Objective: To determine the incidence of revision cochlear implant (CI) surgery in children and the indications for revision surgery and to examine the pattern of events that lead to revision CI surgery.
Study design: Retrospective case review.
Setting: Two tertiary pediatric CI centers.
Patients: Pediatric CI patients who underwent revision surgery related to their CI.
Main outcome measures: Reasons for revision, surgical outcomes, complications, performance, and device analyses were sought.
Results: Nine hundred fifty-two pediatric CI operations were performed between 1991 and 2005. Ninety-three patients underwent 107 (11.2%) revision operations. Hard device failure occurred in 46% (n = 49); soft failure occurred in 15% (n = 16); medical/surgical causes were responsible for 37% (n = 40); and magnet dislodgement requiring revision surgery occurred in 2% (n = 2). Head trauma was associated with 41% of the hard failure cases (n = 20). Device analyses revealed identifiable abnormalities in most of both hard and soft failure cases. In most patients, auditory performance equaled or surpassed the best preoperative performance by 6 to 12 months after revision.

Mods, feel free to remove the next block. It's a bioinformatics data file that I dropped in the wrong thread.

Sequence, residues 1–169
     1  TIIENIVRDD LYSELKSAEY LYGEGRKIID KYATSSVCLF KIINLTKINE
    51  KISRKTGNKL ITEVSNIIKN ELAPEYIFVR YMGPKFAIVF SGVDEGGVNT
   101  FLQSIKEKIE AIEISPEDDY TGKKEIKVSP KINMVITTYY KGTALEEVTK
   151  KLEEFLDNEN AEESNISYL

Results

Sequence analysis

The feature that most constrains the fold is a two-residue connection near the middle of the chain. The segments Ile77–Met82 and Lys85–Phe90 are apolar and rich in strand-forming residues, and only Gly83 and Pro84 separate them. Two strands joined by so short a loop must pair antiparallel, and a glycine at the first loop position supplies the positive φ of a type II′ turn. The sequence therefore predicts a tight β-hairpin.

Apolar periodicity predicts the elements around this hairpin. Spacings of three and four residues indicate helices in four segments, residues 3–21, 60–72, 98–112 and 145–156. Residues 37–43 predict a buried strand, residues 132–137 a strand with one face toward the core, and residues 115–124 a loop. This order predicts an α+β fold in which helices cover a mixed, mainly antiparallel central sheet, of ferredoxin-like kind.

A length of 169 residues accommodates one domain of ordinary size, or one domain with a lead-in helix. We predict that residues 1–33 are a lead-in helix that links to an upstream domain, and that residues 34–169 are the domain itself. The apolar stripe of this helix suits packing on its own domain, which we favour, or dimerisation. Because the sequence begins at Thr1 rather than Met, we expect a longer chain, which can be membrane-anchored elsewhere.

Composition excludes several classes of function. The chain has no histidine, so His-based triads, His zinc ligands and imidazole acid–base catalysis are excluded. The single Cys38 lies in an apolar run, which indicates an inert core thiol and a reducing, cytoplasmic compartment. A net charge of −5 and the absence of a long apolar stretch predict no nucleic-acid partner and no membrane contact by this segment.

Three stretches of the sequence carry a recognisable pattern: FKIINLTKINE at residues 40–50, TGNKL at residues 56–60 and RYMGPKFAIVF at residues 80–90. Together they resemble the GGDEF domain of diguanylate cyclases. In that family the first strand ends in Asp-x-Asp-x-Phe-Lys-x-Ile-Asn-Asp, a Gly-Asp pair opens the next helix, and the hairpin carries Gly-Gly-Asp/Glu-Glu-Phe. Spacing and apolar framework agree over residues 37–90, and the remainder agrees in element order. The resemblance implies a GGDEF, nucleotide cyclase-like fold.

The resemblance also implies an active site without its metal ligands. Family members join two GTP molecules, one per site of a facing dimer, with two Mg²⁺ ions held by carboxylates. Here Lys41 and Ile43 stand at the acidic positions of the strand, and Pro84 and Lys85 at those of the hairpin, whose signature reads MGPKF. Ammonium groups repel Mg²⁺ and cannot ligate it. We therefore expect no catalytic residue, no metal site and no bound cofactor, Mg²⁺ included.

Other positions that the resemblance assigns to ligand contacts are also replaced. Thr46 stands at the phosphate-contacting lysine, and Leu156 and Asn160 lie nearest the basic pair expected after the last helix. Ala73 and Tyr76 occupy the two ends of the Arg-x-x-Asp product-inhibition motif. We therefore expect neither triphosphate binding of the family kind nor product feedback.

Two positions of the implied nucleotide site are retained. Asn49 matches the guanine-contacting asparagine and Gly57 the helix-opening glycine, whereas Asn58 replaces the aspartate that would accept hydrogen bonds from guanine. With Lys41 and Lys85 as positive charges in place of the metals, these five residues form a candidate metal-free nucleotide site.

Conclusion: Revision CI surgery is common among pediatric CI recipients. Hard failure is the most common reason for undertaking revision surgery, and this mode of failure is frequently associated with preceding head trauma. Patients and parents should be counseled that performance is expected to equal or surpass the child's best level of performance before revision surgery, although this may take some time, and exceptions do exist.